As California state superintendent of public instruction, Delaine Eastin cut class size and administrative costs, increased student access to technology and helped 3,000 schools plant their own gardens. Eastin, superintendent from 1995 to 2003 and the first and only woman to hold that post, is the 2015 recipient of the UC Davis Medal, the highest accolade that the campus may bestow upon an individual.
Eastin received her bachelor’s degree in political science from UC Davis.
The medal will be presented by Chancellor Linda P.B. Katehi at the College of Letters and Science commencement at 7 p.m. June 13 at the UC Davis Pavilion.
“Through a career dedicated to education and public service, Ms. Eastin has epitomized the grandest ambitions of the UC Davis community,” said Katehi. “With her groundbreaking efforts to raise standards, increase access to technology and make gardens part of our classrooms, Ms. Eastin has profoundly broadened the meaning of public education in our state in ways that will benefit our students for years to come. It is truly an honor to claim her as a fellow Aggie.”
Among Eastin’s accomplishments as superintendent:
- Convinced the governor and legislature to invest $2.5 billion to cut class size
- Launched the “Challenge Initiative” to raise standards and accountability with 56 school districts and 500,000 students taking part.
- Cut administrative waste by streamlining contracting procedures and standardizing accounting procedures.
- Established the California Education Technology Task Force to increase student access to technology.
- Worked with Alice Waters’ Chez Panisse Foundation to start the Garden in Every School Initiative that started gardens at about 3,000 schools.
Ralph Hexter, UC Davis provost and executive vice chancellor, nominated Eastin for the medal.
“Ms. Eastin has a highly distinguished record of public service that reflects UC Davis’ core values,” Hexter said. “Her selection reaffirms our university’s commitment to public education and public service and powerfully communicates how a UC Davis education can be a springboard to making a positive difference in society. It also further raises her profile as a role model for young women on our campus and beyond. Ms. Eastin continues to support and maintain strong ties to UC Davis and its extended community, as well as the University of California overall.”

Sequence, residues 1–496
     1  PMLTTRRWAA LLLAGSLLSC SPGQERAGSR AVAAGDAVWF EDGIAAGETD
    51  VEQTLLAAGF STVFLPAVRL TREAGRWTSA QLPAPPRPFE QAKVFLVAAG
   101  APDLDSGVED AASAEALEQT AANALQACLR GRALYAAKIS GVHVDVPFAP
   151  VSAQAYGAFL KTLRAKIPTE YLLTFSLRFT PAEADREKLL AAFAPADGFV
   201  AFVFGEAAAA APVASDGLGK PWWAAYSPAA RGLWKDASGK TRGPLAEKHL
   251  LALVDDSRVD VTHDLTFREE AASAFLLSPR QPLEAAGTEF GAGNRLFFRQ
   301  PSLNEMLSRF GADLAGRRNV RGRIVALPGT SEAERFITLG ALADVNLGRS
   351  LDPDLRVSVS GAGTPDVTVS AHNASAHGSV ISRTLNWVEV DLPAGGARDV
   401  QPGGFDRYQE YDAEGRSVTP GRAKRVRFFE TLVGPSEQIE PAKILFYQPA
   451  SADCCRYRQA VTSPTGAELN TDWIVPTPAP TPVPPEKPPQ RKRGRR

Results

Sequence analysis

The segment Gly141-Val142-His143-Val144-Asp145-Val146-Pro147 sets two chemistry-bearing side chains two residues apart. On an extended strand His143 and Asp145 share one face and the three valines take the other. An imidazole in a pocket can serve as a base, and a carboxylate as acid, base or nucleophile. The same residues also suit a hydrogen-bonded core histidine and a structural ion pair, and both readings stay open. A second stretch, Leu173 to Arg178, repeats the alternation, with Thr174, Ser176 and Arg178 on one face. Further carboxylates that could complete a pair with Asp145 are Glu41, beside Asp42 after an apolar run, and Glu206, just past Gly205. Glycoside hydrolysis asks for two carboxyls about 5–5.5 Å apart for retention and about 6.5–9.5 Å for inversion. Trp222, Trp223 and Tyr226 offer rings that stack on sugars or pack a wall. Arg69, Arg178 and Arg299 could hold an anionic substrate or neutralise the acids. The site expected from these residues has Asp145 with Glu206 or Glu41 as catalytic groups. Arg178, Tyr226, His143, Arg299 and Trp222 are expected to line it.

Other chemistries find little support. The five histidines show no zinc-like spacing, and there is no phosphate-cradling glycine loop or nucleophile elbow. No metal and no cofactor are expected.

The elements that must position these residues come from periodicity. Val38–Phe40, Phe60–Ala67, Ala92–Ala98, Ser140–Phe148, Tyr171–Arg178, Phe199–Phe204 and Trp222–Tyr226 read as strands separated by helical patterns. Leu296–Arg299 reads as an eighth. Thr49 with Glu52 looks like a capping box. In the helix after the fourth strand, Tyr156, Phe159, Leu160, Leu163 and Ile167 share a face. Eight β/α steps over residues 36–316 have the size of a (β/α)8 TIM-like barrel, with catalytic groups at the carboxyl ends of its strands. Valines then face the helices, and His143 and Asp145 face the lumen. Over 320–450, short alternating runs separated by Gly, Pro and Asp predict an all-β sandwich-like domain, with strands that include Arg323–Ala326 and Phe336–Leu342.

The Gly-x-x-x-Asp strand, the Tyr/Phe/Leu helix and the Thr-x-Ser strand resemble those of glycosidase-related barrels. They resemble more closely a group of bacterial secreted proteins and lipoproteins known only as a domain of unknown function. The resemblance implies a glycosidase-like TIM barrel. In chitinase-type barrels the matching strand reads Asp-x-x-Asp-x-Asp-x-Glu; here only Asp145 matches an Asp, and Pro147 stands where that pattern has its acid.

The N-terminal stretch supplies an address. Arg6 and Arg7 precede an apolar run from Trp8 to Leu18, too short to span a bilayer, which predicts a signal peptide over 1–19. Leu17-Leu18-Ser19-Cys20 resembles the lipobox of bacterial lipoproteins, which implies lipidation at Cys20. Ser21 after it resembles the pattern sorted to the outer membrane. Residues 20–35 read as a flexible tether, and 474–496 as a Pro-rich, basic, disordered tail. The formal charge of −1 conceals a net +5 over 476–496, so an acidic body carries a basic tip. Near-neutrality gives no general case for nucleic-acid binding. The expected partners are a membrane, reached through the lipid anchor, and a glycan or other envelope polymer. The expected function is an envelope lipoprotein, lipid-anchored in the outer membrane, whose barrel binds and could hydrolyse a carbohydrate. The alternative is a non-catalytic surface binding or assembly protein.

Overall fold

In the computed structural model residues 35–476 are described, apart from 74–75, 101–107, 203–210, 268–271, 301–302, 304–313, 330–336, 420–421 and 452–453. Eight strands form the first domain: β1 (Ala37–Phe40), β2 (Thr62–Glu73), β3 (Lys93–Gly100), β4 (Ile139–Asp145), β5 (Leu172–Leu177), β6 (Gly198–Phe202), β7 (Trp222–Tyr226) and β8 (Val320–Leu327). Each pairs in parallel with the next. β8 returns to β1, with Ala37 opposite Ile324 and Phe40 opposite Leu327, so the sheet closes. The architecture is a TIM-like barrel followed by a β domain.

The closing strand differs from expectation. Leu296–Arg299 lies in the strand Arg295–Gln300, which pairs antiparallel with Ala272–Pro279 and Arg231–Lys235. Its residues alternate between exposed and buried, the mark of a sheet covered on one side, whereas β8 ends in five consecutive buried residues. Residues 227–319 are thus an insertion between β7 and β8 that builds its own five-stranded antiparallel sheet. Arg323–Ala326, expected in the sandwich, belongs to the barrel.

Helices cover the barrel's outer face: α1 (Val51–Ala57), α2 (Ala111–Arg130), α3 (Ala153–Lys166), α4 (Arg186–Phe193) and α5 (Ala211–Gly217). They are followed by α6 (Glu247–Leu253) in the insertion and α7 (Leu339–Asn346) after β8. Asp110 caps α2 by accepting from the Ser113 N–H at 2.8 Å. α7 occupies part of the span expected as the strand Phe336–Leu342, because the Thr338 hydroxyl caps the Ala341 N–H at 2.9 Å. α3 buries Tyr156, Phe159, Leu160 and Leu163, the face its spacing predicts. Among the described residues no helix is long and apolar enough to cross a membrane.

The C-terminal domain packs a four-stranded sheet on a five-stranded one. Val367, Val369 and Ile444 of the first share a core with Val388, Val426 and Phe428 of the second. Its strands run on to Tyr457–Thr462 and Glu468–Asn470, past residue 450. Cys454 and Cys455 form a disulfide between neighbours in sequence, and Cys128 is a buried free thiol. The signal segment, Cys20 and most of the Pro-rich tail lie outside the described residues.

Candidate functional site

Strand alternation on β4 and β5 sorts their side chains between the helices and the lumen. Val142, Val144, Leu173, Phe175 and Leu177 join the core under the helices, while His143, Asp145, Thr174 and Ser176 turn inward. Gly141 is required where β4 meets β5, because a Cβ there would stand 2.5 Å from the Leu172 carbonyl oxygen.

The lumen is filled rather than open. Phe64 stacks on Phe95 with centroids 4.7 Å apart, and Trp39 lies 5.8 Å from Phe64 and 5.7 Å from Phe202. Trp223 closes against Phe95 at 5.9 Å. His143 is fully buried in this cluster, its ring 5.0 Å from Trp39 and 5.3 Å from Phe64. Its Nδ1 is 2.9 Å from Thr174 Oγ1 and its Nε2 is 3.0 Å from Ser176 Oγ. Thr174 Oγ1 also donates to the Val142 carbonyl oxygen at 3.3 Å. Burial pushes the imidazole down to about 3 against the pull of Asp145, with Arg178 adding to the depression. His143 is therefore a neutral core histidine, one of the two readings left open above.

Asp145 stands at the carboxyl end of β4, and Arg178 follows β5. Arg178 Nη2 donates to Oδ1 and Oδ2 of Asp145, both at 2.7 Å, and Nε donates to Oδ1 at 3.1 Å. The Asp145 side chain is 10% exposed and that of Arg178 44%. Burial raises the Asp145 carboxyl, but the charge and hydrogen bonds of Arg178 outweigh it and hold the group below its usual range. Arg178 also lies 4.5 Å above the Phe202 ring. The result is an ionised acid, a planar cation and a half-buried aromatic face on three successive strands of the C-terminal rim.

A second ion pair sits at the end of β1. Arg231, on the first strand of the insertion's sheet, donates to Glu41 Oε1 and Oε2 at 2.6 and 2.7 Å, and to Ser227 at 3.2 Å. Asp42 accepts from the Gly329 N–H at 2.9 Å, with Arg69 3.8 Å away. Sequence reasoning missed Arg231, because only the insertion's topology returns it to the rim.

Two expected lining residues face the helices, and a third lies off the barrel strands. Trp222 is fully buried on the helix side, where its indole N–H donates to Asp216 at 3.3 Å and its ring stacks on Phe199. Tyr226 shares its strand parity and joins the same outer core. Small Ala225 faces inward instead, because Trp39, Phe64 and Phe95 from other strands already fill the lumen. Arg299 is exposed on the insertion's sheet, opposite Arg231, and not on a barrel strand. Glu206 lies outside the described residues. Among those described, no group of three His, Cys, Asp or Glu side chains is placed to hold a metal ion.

First in family to attend college
Eastin, who lives in Davis, came from a working-class family. She was the first in her family to attend college — an achievement she is passing along to others by establishing a UC Davis scholarship for a woman who is first in her family to attend college. It will be awarded for the first time this year.
“Everyone who knows me knows that UC Davis changed my life. Attending UC Davis meant everything to me,” she said. “It was a wonderful place and I made some of the finest friends of my life there.”
The late Joyce Kallgren, the only woman on the political science faculty when Eastin attended UC Davis, encouraged her to go to graduate school.
Eastin earned a master’s degree in political science from UC Santa Barbara.
She has remained involved with the university, serving on the boards of UC Center Sacramento, the alumni association and Center for Nutrition in Schools. In 2002 she received the Distinguished Achievement Award from the Cal Aggie Alumni Association.
After earning her master’s degree, Eastin taught political science and women’s studies on the college level, then was corporate manager for Pacific Telesis Group. She started in public service when she was elected to the Union City Council. In 1986 she won the first of four terms in the state Assembly, where she chaired the education committee, and was elected superintendent in 1994.
After completing her second term as superintendent she was executive director of the National Institute for School Leadership from 2003 to 2005, and distinguished visiting professor and director of the Center for Civic Engagement and Women’s Leadership at Mills College from 2004 to 2008.
Making food matter
Starting gardens in schools came naturally to her.
“I’m a foodie and my parents had a love of food,” she said. “We always had a garden.” She now has a dozen fruit trees in her Davis garden, too.
Along with working with the Chez Panisse Foundation, she has served on the boards of the National Gardening Association, Real School Gardens, Davis Farm to School Connection, Yolo Farm to Fork and Edible School Yard Foundation.
“Delaine Eastin is one of our most distinguished alumni, and her service in the state Assembly and as state superintendent highlight her deep and inspiring commitment to education,” said George R. Mangun, dean of social sciences at UC Davis. “A tireless advocate for education, she is also a key figure on campus as one of our most trusted friends and supporters.”
The UC Davis Medal
The medal, awarded for the very highest levels of distinction, personal achievement and contributions to the ideals of higher education on which UC Davis is founded, has been presented to 14 people since it was created in 2002. Among the recipients are President Bill Clinton, Robert and Margrit Mondavi, artist Wayne Thiebaud, and UC Davis Chancellor Emeritus Larry Vanderhoef, who instituted the award.